For as long as he can remember, Jay B. Sauceda wanted to learn how to fly. When he was a kid growing up in La Porte, Texas his family lived next-door to the municipal airport where he spent a lot of time out in the yard watching the small airplanes flying overhead. His lifelong fascination with flying led the Austin photographer to get his pilot’s license in 2014 and shortly after that he pitched Texas Monthly magazine with the idea of circumnavigating the entire perimeter of the largest state in the contiguous United States piloting a small plane and taking pictures as he flew over.
The resulting bird’s-eye portrait of Texas, made up of aerial photographs Sauceda shot with handheld cameras out the cockpit window and GoPros attached to the wings, was originally published in a special issue of Texas Monthly in 2015. Now a larger selection of the more than 44,000 photos he took on his journey have been published in A Mile Above Texas. The oversized coffee-table book, published by the University of Texas Press and designed by Pentagram Austin, presents the best of the photographer/pilot’s perspective-altering images.
The Pentagram team organized the photographs chronologically and in groupings corresponding to the order of the photographer’s journey. An infographic page that plots his flight path on a Texas map and includes weather data, flight statistics and notes begins each section. Sauceda broke the trip up into six legs: Victoria to San Marcos, San Marcos to Marshall, Marshall to Dalhart, Dalhart to El Paso, El Paso to Marfa, and Marfa to Mustang Beach. All together Sauceda flew 3,822 miles, over six days mostly by himself, in a borrowed, single-engine Cessna. Jordan Breal, Texas Monthly’s travel editor at the time, accompanied the photographer/pilot on the first leg of the trip so she could write about the experience for the magazine.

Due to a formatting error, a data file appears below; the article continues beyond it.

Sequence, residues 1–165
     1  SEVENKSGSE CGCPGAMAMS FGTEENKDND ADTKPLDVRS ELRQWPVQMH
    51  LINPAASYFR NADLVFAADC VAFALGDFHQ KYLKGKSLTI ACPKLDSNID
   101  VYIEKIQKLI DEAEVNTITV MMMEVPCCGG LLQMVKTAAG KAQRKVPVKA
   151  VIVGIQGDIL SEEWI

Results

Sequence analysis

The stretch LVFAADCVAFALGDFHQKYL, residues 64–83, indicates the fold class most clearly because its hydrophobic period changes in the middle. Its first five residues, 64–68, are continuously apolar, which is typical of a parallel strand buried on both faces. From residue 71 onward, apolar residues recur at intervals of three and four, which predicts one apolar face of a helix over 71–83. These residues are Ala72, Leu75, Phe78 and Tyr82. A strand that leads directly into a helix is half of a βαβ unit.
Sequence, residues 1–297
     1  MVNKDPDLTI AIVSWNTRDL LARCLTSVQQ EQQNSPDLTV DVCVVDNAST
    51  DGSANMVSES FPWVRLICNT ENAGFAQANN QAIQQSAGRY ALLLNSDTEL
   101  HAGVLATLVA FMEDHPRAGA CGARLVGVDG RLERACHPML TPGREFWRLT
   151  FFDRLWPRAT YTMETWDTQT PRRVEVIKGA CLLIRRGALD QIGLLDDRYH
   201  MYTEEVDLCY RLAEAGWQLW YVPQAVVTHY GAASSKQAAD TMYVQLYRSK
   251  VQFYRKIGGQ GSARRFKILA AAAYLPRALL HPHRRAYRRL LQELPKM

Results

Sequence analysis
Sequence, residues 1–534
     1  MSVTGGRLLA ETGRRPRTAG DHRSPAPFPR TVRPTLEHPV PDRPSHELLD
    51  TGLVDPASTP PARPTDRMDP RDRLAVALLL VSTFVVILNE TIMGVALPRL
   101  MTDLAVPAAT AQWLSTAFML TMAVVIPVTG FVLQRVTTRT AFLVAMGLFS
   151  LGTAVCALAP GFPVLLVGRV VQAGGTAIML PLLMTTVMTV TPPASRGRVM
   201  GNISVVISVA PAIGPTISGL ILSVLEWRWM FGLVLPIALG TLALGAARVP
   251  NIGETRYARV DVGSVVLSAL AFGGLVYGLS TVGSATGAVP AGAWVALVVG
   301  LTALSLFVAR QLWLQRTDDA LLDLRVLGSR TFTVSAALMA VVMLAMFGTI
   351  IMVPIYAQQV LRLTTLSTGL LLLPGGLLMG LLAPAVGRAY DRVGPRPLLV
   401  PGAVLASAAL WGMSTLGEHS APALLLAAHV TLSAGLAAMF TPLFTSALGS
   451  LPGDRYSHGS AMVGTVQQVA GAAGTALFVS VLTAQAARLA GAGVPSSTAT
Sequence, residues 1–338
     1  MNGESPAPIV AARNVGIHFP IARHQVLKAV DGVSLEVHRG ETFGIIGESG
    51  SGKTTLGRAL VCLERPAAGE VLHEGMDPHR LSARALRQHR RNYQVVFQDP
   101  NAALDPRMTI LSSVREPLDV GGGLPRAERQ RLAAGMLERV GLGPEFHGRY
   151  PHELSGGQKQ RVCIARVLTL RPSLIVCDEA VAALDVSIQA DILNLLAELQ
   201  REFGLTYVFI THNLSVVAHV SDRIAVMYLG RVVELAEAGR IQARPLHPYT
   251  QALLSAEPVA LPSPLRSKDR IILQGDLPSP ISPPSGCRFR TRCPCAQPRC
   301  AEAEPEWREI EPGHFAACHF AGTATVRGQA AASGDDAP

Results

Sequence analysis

The layout of the 9.5” X 12.75” 200-page book presents Sauceda’s aerial photographs in both horizontal and vertical formats and is paced with large-scale full-bleed images and smaller image juxtapositions. Each photo caption, set in United Sans, provides a short title, the leg of the journey, the date, and an exact time-stamp of when the picture was snapped.
Sauceda marveled at the beauty of the natural–but also manmade, landscapes he viewed from a mile above his BIG, beloved state. He’s the founder and owner of a popular website called Texas Humor which encourages and celebrates the Lone Star state’s own particular brand of humor which includes an old joke referred to as the “Texas Brag.” The classic “Texas Brag Map,” which the Texas Humor site has adopted as its logo, is a map of the United States where an exaggerated state of Texas takes up a large portion of the country and all of the other “inferior” states are purposefully misspelled. So it’s only natural that Sauceda’s journey, a flight around the perimeter of Texas–around “his” world–was inspired by a book he read about Amelia Earhart’s bold attempt to fly around the globe.
Rick Bass said this about the book in Texas Monthly: “Jay B. Sauceda is creating a new kind of literature for the state, a visual literature that is as significant and powerful as John Grave’s Goodbye to a River, Robert Caro’s The Path to Power, Edna Ferber’s Giant, or T.R Fehrenbach’s Lone Star. His compositions accomplish what all great work does–offering a new way of seeing things so familiar that we have stopped seeing them.”
With fresh views of Texas’s beaches and rivers, woodlands and deserts, cities and farms, A Mile Above Texas offers an encompassing view of the state that perhaps only flyers and migratory birds have enjoyed before.
Pentagram will host a launch event for A Mile Above Texas this Friday, November 30th at the Hangar Lounge in downtown Austin and an exhibition of images from the book, called “Texas from Above,” will be on display at the Bullock Texas State History Museum in Austin from January 1st to June 16th 2019.